Texas connections

G. Robert Shelton

Texas A&M University–San Antonio

San Antonio  TX

Bob Casao

Montwood High School

 El Paso  TX

Diana Mason

University Of North Texas

Denton  TX

mug with elemental periodic table tile of mendelevium with Choppin’s signature, mug with image of a buckminsterfullerene molecule with Smalley’s signature, mug with image of a buckminsterfullerene molecule with Curl’s signature , mug with image of a carbon nanotube with Fe with Kroto’s signature

In the April 2016 issue, the article on "Firsts" highlighted mugs dedicated to two professors who taught at The University of Texas at Austin (UT Austin): Morgan and Lagowski. These are examples of two original signatures that we (Associated Chemistry Teachers of Texas, ACT2) were able to obtain. Five additional mugs presented to our members have original signatures and ties to Texas. Two native sons, Choppin and Curl, and three more who either taught at or visited universities in Texas: Smalley, Kroto and our last mug signed by Oganessian.

The Oganessian mug is the last in the ACT2 signature mug series. Oganessian (born in 1933) is a Russian nuclear physicist and Scientific Director of the Joint Institute for Nuclear Research (JINR), Dubna. He leads a team who made elements with atomic numbers
Z = 113-118, all of which by June 2016 are named by IUPAC. On June 8, 2016, oganesson (Og) became the proposed name for element 118 — see page 6 of this issue. (Only two elements have been named for still-living scientists, oganesson and seaborgium.) Oganessian's lab works closely with the Lawrence Livermore National Laboratory in Livermore, California and is regarded as the world's leader in the search for and discovery of new elements. The last author obtained his signature by traveling to Texas A&M University in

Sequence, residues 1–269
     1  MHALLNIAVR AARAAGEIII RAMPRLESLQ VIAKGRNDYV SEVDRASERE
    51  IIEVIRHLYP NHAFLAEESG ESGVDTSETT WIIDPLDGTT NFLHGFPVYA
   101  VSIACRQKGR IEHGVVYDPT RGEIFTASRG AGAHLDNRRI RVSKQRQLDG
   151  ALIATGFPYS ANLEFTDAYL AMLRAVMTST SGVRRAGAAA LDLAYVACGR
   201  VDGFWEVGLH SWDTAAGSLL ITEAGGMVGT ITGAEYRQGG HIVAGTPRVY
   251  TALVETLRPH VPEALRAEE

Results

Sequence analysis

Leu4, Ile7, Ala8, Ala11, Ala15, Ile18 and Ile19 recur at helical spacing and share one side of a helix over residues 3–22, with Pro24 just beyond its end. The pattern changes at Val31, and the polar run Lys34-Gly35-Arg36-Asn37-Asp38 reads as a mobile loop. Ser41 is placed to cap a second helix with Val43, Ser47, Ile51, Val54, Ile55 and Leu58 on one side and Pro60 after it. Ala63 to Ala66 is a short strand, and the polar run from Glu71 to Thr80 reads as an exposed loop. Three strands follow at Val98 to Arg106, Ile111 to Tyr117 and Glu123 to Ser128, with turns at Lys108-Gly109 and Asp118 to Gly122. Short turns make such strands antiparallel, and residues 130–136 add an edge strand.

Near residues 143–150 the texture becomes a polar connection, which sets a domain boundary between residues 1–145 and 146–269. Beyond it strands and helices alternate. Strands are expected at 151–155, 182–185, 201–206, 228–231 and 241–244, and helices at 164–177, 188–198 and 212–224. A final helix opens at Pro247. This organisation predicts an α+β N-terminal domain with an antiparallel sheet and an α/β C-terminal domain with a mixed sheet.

College Station in August 2015 when he was spending a year at their cyclotron facility as a Faculty Fellow. Oganessian proposed — and with his colleagues, developed — a method to synthesize extremely heavy nuclei through fusion reactions of calcium-48 nuclei, an extremely rare isotope of calcium (20 protons and 28 neutrons) with nuclei of naturally occurring and synthetic actinide elements that have atomic numbers from 93 to 98.

The element flerovium (Fl), a superheavy element
(Z ≥ 104) with an atomic number 114, was selected for the mug from his 12 discoveries in order to highlight the symbol granted by IUPAC. As many teachers know, Fl is often "provided" by students as the symbol for fluorine. With F and Fl now both being proud members of the periodic table, there is no longer an excuse for that "minor" typo! The decay properties of Fl proved the existence of the “island of stability” for very heavy elements, a theory first proposed in the late 1960s, which predicted noble-gas-like metallic character. Interestingly, Fl is the least reactive element in its group.

Gregory Choppin (1927-2015) was born in Eagle Lake, Texas but spent most of his life in Louisiana. He is known as one of the co-discoverers of mendelevium, atomic number 101, with Ghiorso, Harvey, Thompson and Seaborg. After receiving his Bachelor of Science degree at Loyola University, New Orleans, Louisiana and his doctorate at UT Austin, he became a research professor in 1956 at Florida State University where he continued his research on actinide and lanthanide elements. Only a few atoms of Md have ever been created, and it is the first element that currently cannot be produced in macroscopic quantities through neutron bombardment of lighter elements. He is also sometimes credited with co-discovering einsteinium and fermium.